Berninger recommends creating your products on a site like Canva.com, which is free, then posting your product on Etsy using relevant keywords in the title, description and tags. You can look for keywords to insert using Chrome plugins like Ubersuggest.

“Selling on Etsy is my favorite because of low cost,” she says. Berninger makes about $1,000 per month in passive income from it.

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Check out:

4 side hustles for introverts: Some can bring in tens of thousands of dollars

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A.I. is making some common side hustles more lucrative—these can pay up to $100 per hour

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How I Hit $100 Million in Annual Revenue By Being More Transparent

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How I Hit $100 Million in Annual Revenue By Being More Transparent

Opinions expressed by Entrepreneur contributors are their own.

It’s a common nightmare — you’re walking through a busy hallway or giving a presentation only to look down and find yourself completely naked.

We’re inherently fearful of revealing too much about ourselves, and as an entrepreneur, this likely extends to your business as well.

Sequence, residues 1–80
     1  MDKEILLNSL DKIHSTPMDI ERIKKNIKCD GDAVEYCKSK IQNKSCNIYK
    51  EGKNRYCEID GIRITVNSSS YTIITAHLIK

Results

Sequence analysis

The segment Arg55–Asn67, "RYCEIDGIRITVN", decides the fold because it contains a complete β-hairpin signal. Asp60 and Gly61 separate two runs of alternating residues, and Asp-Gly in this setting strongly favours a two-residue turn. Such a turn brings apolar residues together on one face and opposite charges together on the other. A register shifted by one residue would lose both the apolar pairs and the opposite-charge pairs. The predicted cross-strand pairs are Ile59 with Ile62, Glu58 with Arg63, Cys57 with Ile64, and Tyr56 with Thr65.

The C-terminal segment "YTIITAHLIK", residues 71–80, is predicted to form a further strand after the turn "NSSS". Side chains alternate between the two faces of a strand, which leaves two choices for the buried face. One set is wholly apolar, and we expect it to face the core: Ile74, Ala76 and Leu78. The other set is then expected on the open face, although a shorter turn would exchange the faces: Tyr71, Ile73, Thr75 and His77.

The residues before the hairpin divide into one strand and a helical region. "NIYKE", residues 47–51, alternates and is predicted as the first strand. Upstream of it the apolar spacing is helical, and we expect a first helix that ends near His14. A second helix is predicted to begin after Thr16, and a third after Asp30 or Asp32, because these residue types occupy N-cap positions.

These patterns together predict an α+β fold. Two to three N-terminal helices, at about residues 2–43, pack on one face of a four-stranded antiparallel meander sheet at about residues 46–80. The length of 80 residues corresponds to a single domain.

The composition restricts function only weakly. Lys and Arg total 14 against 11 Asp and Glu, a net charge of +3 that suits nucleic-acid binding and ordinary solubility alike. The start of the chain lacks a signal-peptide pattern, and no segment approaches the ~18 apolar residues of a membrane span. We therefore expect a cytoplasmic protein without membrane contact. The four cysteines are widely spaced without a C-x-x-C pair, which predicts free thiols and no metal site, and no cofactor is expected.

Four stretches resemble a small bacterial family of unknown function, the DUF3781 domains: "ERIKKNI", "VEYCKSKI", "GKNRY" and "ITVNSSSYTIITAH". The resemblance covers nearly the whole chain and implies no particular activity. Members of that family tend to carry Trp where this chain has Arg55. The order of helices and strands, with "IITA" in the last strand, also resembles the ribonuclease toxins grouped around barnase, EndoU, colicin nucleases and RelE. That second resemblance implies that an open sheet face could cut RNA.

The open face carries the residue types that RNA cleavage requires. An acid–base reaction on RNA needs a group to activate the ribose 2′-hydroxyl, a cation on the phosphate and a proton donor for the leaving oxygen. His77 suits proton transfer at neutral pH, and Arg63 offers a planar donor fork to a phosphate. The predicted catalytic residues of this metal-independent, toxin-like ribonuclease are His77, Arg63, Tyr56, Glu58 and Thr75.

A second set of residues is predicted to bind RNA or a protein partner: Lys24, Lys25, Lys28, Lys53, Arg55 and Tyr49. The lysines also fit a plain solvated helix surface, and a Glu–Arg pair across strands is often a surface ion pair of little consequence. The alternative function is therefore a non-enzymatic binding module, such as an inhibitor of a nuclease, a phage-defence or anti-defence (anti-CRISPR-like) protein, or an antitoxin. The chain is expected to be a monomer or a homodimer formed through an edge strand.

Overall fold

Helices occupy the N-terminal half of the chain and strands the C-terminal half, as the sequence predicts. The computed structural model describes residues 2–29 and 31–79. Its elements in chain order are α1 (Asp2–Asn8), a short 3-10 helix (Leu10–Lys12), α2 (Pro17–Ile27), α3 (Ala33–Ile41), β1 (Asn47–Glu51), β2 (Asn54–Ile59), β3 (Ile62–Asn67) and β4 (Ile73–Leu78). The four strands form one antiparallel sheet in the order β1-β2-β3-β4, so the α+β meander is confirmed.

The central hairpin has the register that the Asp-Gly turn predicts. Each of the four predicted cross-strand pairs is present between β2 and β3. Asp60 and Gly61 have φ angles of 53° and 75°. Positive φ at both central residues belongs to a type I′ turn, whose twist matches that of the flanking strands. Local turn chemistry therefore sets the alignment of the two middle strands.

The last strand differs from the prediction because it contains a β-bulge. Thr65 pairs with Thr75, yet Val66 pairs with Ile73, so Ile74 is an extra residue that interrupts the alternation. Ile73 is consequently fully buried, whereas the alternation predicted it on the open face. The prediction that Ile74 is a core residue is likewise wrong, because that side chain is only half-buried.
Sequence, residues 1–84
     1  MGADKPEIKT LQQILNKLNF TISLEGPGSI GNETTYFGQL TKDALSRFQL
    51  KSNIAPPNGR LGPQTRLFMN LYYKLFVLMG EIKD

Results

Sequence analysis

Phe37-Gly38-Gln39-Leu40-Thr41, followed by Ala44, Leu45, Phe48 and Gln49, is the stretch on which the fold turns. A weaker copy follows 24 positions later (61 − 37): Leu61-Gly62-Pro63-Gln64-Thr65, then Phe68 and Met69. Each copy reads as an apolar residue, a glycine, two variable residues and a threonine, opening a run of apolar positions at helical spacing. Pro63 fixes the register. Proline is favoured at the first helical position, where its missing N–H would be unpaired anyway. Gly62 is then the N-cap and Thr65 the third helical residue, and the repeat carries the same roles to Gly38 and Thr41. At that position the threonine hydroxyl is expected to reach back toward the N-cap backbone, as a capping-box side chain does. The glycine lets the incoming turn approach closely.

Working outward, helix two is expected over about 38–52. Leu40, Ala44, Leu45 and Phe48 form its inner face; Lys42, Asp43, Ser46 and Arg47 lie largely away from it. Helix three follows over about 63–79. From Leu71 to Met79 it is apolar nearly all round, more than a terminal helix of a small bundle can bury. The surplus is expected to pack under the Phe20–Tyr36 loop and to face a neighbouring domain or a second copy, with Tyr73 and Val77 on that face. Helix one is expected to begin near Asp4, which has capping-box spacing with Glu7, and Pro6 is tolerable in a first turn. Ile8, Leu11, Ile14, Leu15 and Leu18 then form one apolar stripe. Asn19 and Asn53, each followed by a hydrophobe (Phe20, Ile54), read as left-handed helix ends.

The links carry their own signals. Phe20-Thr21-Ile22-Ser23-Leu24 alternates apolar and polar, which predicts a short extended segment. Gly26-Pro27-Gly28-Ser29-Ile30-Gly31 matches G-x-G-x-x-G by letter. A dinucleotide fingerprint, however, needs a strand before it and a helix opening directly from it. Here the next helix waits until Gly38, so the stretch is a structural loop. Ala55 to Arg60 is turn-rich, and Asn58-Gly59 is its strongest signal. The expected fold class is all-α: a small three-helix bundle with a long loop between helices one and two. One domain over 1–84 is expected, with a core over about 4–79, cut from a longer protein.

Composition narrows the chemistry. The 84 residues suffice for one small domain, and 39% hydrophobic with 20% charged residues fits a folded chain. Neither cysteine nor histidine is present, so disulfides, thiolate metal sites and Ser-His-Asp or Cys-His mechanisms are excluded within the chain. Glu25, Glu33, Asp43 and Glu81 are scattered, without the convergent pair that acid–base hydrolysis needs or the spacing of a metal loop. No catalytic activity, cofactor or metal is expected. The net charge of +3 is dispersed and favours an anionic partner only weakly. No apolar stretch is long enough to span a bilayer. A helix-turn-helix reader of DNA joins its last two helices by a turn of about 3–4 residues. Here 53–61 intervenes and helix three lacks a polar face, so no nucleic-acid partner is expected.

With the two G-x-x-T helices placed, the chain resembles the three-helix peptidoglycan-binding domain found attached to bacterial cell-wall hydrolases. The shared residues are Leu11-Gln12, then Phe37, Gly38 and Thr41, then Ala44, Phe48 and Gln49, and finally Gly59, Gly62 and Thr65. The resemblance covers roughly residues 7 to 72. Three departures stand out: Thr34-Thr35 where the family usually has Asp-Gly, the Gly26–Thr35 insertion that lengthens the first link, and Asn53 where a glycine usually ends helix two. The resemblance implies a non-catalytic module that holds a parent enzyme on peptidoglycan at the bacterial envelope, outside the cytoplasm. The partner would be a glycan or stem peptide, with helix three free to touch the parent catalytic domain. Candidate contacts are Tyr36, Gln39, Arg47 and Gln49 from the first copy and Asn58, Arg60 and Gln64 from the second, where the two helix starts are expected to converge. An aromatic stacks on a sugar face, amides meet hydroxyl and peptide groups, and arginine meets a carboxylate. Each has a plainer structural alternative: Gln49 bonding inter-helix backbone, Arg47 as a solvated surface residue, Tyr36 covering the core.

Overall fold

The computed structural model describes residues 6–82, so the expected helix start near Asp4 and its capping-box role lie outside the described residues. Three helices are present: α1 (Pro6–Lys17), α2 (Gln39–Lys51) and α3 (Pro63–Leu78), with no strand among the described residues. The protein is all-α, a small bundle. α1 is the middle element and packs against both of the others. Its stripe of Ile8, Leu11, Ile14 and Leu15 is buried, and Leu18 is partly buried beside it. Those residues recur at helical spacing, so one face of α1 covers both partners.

But based on growing my own business from nothing to over $100 million in annual revenue, I can tell you less is not more when it comes to business transparency — more is more. Being open builds trust, and trust fosters customers and relationships in droves. The only exception is not giving away your trade secrets to competitors.

Here are three effective ways to build trust with clients and prospects by being more transparent (without leaving you feeling nightmarishly over-exposed).

Related: How Transparency In Business Leads to Customer Growth and Loyalty

1. Increase sales by 18% or more by increasing your Google reviews

Nearly everyone reads reviews before purchasing. One study found a whopping 93% of people read reviews before making a purchase, and on average, reviews produce an 18% uplift in sales. In today’s online landscape, people put almost as much weight on a Google review as they do on a personal recommendation.

The best way to increase your reviews is to simply ask! According to research, 70% of consumers will leave a review for a business when asked.

About four years ago, we had 486 reviews after servicing more than 90,000 clients. We started using Podium to send out texts or emails — based on customer preference — asking to leave a review on Google, the Better Business Bureau and Trustpilot.